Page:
Jeanne Bliss, Net Promoter blogger and author of Chief Customer Officer, and John Abraham, General Manager of Net Promoter Programs for Satmetrix, chaired a discussion session driven by questions from the audience largely focused on program implementation issues. For those who missed the session you missed the opportunity for free books!
An early question kicked off the discussion (and the first book give away) related to top management commitment. The case was presented of a committed top management but a somewhat confused middle management. Jeanne made the case that if top management is really committed they will change incentives for middle management. Middle management will be caught in the middle if the NPS program is a top management and front line philosophy without a complete look how it changes cost and operations.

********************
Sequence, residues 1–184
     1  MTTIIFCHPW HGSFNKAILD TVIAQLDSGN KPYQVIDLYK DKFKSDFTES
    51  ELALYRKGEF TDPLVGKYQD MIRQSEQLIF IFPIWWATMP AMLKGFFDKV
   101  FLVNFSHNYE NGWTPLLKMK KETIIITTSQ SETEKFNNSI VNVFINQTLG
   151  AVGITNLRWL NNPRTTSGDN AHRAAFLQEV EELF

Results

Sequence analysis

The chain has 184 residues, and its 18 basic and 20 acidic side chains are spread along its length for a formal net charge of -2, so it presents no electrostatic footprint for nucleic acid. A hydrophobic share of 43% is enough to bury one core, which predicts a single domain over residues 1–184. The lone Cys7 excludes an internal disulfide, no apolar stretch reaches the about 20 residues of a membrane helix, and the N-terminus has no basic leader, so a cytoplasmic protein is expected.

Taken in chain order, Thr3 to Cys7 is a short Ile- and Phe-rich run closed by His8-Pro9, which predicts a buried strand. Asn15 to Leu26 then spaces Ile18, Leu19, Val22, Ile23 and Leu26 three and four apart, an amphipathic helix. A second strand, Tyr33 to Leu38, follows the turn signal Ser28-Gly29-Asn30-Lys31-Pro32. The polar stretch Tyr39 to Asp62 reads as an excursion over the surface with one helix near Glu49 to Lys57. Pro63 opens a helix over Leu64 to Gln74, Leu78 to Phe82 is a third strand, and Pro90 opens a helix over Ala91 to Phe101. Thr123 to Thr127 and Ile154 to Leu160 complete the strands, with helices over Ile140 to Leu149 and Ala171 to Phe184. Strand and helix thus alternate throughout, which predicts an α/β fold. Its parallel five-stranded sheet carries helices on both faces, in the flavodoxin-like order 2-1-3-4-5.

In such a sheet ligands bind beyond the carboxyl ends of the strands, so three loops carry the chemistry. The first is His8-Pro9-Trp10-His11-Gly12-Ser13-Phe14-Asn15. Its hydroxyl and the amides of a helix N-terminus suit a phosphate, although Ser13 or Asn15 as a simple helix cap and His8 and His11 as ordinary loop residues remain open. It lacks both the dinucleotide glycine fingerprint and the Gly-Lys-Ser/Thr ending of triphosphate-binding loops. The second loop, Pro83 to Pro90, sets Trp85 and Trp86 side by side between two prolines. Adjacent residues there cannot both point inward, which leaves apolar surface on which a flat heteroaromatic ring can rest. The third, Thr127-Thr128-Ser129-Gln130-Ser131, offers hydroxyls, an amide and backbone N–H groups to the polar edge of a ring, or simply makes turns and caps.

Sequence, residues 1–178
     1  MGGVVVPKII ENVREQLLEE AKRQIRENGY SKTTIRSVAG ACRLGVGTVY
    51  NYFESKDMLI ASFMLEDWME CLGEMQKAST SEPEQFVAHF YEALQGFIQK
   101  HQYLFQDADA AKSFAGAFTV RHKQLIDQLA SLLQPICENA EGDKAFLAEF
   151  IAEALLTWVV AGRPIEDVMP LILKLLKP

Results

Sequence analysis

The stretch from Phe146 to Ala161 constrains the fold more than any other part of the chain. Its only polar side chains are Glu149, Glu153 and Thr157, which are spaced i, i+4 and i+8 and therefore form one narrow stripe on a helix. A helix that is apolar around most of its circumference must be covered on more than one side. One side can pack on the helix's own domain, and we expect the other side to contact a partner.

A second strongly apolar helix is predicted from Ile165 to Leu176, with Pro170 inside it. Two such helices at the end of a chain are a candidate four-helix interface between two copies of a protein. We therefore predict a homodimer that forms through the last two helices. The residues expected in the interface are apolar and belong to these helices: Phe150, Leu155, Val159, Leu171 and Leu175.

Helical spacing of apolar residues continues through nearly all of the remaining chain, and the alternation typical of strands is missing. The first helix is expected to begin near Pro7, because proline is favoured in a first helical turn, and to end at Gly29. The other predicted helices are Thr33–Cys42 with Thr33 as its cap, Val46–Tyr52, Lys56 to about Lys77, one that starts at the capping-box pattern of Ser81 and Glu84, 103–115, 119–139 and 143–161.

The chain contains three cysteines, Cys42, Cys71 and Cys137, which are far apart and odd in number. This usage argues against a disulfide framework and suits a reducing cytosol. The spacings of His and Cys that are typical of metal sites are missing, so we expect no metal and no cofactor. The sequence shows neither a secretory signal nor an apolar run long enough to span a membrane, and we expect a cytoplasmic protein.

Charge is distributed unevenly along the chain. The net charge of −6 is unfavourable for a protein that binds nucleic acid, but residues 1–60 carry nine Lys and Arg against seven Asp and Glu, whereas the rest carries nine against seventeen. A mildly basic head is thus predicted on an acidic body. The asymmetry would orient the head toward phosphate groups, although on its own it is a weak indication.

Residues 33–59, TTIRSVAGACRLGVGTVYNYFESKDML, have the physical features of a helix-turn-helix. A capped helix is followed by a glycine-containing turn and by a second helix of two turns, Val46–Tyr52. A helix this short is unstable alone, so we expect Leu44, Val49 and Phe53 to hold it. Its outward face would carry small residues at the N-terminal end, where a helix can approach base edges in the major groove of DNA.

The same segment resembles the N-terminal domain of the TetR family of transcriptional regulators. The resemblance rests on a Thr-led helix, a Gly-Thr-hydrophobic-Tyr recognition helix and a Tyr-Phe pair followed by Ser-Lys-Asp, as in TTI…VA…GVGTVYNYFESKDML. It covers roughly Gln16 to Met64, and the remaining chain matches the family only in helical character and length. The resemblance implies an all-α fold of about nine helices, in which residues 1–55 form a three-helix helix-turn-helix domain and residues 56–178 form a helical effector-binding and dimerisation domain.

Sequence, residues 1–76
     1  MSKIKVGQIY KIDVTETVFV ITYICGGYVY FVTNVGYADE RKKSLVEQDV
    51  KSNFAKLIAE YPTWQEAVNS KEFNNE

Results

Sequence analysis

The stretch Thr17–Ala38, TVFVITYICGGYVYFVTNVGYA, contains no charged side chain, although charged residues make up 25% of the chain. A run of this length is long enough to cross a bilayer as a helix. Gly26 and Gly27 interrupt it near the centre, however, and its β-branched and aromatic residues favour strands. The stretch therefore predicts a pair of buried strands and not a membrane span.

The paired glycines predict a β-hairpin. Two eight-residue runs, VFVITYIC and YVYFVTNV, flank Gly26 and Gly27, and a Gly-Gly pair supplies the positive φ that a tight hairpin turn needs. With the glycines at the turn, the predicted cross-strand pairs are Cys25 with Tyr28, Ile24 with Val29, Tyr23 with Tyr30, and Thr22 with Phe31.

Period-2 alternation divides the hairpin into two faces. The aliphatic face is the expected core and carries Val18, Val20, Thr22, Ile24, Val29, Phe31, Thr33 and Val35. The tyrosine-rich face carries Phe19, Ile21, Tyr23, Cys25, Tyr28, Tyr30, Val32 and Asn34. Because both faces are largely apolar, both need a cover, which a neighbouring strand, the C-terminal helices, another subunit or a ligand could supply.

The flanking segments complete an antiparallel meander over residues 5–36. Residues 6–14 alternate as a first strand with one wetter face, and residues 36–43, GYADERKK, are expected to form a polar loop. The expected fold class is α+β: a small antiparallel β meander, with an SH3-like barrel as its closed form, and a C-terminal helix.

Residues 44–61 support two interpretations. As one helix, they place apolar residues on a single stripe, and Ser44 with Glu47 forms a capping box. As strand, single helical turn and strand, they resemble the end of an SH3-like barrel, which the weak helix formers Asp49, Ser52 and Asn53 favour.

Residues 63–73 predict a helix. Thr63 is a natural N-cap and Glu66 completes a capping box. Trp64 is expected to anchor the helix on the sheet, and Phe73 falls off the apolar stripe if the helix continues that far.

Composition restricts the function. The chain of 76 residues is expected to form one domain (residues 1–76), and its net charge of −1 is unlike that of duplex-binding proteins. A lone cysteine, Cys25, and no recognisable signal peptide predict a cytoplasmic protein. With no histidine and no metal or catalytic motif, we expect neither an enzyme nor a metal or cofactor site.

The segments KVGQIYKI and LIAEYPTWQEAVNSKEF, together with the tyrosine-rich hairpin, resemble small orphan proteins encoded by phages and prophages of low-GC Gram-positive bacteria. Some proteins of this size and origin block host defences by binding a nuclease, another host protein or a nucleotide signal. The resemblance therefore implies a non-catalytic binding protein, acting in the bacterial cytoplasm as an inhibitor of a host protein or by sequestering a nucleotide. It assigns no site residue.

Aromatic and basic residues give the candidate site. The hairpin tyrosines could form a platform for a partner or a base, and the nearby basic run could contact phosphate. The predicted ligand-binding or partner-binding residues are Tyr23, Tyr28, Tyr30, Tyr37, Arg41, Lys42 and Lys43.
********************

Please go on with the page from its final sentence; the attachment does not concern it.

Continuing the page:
One participant questioned why there was not a greater focus on employees. How do employees fit into an equation dominated by NPS measurement and operational improvement? While Jeanne gave examples of companies that built branding around "being a good place to work," a process for how you build employee engagement into an NPS program was not addressed. However, earlier in the discussion Jeanne had talked about getting front line employees connected to the CEO and top execs and had discussed the importance of closing the loop with the front line to build confidence that change was happening as a result of their input. In my earlier coverage of TD Canada, we did discuss how recommendation of TD as a good place to work correlated with the branch banks' ability to deliver a great customer experience.
Jeanne discussed the importance of creating a cultural environment where "it's good to work together" in order to lay the foundation for an effective environment that focuses on customer value. Come to agreement on the stages of customer experience. Discuss how does the customer feel at each stage. Prioritize moments of truth for the customer in order to create organizational focus.
The session demonstrated a growing appetite for interactive discussion on the down to earth issues around building NPS programs.